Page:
As hilariously vague as I found these ravings, I have to concede that the presence of vampires, or ghosts, or any other creepy character does not a Gothic novel make. There are a few almost unanimously agreed upon tangible elements of Gothic literature including but not limited to: large, creepy, rundown houses, gloomy weather, distressed damsels, and anti-heroes. But the true essence of Gothic seems to lie more in the intangibles. The feelings evoked as you’re reading. A sense of fear and trepidation about real surroundings and circumstances that come around to serving as a metaphor for the state of mind of the characters.
Take these examples: Sharp Objects by Gillian Flynn is considered southern Gothic, despite the absence of those elements you can see and touch in the story. The protagonist, however, is a tortured, lonely anti-hero and the setting is a small, isolated town. Both lend themselves to the oppressive atmosphere of the story and to the conclusion that it is Gothic.
Then there is the cult classic Twin Peaks, dubbed as suburban Gothic, due to its setting in rainy, bleak Washington state, a general sense of foreboding, dream sequences, and David Lynch's unique style that is just plain hard to put a finger on.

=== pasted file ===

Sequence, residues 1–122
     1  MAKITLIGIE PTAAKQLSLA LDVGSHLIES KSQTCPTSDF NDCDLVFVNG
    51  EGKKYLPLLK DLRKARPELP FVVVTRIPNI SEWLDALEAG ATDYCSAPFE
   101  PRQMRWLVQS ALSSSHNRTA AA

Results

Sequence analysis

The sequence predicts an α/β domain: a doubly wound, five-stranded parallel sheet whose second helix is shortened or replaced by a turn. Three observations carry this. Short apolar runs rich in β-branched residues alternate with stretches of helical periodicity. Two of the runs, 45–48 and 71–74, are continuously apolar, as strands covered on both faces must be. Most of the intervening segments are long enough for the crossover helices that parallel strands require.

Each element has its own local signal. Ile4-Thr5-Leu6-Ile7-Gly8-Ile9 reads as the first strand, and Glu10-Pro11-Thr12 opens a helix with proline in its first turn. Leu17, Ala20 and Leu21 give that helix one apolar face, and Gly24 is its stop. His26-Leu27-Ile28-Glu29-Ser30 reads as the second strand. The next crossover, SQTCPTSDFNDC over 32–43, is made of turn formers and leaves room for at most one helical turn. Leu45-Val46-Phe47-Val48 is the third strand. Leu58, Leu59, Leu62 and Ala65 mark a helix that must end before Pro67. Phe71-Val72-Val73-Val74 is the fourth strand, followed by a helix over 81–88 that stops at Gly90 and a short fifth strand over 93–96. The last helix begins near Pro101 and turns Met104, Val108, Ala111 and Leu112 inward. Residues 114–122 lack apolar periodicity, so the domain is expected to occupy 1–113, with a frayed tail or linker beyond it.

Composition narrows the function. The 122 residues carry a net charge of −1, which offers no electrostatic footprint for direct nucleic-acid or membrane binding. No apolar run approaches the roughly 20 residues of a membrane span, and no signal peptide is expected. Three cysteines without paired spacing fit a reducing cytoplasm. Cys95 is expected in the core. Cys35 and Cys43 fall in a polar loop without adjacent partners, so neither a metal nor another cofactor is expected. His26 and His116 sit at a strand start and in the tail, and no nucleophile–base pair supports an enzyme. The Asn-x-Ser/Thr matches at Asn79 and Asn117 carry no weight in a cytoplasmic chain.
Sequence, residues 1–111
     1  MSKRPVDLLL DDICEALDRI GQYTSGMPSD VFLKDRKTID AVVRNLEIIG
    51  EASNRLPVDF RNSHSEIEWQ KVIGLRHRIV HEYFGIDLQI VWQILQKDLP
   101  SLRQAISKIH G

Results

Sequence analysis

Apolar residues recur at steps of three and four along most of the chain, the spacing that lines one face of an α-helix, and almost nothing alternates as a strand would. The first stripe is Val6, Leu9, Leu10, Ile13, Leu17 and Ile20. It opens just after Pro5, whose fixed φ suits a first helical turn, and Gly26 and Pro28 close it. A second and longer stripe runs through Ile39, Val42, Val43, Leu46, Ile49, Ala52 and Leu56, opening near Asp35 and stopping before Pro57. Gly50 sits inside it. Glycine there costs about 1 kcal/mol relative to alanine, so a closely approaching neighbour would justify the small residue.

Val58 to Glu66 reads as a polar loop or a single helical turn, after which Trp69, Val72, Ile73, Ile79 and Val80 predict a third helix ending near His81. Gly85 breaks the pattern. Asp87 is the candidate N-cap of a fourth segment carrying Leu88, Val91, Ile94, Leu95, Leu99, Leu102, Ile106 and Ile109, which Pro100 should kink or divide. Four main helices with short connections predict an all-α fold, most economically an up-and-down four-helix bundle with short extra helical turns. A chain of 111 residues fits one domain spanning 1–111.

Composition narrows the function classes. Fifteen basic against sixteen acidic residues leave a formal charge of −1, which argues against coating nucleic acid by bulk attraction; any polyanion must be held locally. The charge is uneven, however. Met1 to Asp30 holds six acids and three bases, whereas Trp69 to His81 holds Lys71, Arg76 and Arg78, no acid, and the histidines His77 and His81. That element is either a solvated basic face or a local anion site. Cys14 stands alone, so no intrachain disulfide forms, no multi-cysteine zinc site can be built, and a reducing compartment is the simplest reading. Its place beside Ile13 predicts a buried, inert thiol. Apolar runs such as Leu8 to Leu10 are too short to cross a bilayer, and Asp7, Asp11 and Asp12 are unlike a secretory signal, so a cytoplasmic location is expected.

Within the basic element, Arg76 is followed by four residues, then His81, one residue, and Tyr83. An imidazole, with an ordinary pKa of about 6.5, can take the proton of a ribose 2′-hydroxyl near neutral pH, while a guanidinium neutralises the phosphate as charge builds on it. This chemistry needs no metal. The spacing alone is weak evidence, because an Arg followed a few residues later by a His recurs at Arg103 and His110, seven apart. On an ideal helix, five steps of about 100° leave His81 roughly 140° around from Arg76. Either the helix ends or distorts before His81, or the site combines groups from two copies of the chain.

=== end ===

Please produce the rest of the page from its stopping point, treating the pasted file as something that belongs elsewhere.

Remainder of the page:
Wuthering Heights is a classic Gothic novel. A supernatural event sets the story off, a large estate full of secrets plays a central role in the plot, and the overall cadence of the tale is one of loneliness, doomed love, and ultimately bitter vengeance.
There are many literary pundits who claim that the Gothic novel is in the middle of a resurgence. Not a comeback, because it never really went anywhere, but an evolution and resulting boost in popularity. There are a few reasons for this. One, things like crumbling infrastructure and increasingly bleak attitudes about the state of the world have already inspired a spike in dystopian literature, and parallels between a dystopia and the atmosphere of a Gothic novel can certainly be drawn. Secondly, the Gothic has long been associated with female empowerment, and support of feminine agency is thankfully on the rise.
It's clear that the Gothic has generational staying power, and many modern authors are bending the "rules" but mostly staying true to a maddeningly nuanced tradition. The classics of the genre set a precedent for certain elements, such as the looming, mysterious manor house, but they also instilled in readers and writers of the time (and also of the future) the idea that the Gothic cannot be nailed down. I think of the definition as something cloaked in darkness, with discernible edges but only obscure shadows in the middle. It can be gloomy, frightening, macabre, eerie, lonely, bitter, sad. It's not a cliched character, or a campy setting, but rather the emotional journey of the reader and the impression that is left as you turn the last page. And since that is entirely subjective, one could claim that the Gothic is in the eye of the beholder.
Check out this list and discover some of the best Gothic novels in LPL's collection.
-Leah Newton is a Readers' Services Assistant at Lawrence Public Library.